The U.S. House on Monday passed a bill that would authorize the use of certain federal grants for improving medical responses to a chemical or biological strike.
"Experts have repeatedly noted that the threat of a WMD attack is real," said Representative Gus Bilirakis (R-Fla.), the bill sponsor, in released comments. "We must take steps now to ensure the necessary emergency plans, medication and equipment are available to protect the public, including first responders, in the event of an incident."
The Medical Preparedness Allowable Use Act modifies the 2002 Homeland Security Act by specifying permission to use Urban Area Security Initiative and State Homeland Security Grant Program funding for improving medical surge capacity and public health procedures, "including the development and maintenance of an initial pharmaceutical stockpile." That is to include "medical kits and diagnostics sufficient to protect first responders, their families, immediate victims, and vulnerable populations from a chemical or biological event," the proposed modification states.
The legislation awaits consideration in the Senate.
A major past source of grants for improving local and state medical readiness to responding to a biological or chemical incident -- the Health and Human Services Department -- in recent years has reduced substantially the amount of funding it hands out, according to a 2012 Aspen Institute report ordered by the Homeland Security Department. The cuts in HHS funding have resulted in the "negation of much of the progress made since 9/11 and degradation of capabilities through the National Disaster Medical System," the Aspen study said.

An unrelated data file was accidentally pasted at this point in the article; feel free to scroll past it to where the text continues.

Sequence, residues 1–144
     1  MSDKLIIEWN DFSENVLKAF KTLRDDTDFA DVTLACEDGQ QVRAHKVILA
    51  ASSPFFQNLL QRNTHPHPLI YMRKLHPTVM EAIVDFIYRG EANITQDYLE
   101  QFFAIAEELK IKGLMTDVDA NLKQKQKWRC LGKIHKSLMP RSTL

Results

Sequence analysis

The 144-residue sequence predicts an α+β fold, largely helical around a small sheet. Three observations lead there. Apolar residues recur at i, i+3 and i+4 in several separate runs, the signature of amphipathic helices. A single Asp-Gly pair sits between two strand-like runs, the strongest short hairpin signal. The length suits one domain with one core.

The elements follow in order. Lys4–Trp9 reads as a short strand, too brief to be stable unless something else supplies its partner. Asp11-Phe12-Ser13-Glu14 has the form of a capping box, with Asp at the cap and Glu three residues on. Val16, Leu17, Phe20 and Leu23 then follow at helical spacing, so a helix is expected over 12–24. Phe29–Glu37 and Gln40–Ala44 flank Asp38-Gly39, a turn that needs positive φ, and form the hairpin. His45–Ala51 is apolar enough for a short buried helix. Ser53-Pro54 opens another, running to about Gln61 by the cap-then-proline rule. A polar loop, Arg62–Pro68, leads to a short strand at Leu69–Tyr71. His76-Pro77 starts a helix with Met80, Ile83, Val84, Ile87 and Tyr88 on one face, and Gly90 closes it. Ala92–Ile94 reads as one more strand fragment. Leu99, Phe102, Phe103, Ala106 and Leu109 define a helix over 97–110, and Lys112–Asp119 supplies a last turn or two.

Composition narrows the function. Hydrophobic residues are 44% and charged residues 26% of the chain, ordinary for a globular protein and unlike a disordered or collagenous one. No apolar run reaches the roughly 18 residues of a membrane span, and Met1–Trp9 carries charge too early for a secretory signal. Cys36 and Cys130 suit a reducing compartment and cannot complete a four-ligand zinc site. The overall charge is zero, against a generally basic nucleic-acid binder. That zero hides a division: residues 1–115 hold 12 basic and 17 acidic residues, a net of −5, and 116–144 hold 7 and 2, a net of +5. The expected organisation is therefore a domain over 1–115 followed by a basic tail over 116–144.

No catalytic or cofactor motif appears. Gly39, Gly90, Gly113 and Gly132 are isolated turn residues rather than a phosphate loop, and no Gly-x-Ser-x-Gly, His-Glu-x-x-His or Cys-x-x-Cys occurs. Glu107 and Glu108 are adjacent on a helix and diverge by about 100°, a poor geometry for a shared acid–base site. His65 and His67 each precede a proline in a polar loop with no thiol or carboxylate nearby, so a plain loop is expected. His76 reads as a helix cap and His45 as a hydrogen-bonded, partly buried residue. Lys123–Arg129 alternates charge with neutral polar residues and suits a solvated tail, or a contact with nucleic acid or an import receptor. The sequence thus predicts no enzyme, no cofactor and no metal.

The Urban Area Security Initiative is aimed at improving the readiness of high-density metropolitan areas to respond to any potential terror attack. The State Homeland Security Program provides assistance to state government efforts in implementing terrorism-response plans and improving readiness levels. The Homeland Security Department's Federal Emergency Management Agency administers both programs.
This article was published in Global Security Newswire, which is produced independently by National Journal Group under contract with the Nuclear Threat Initiative. NTI is a nonprofit, nonpartisan group working to reduce global threats from nuclear, biological, and chemical weapons.
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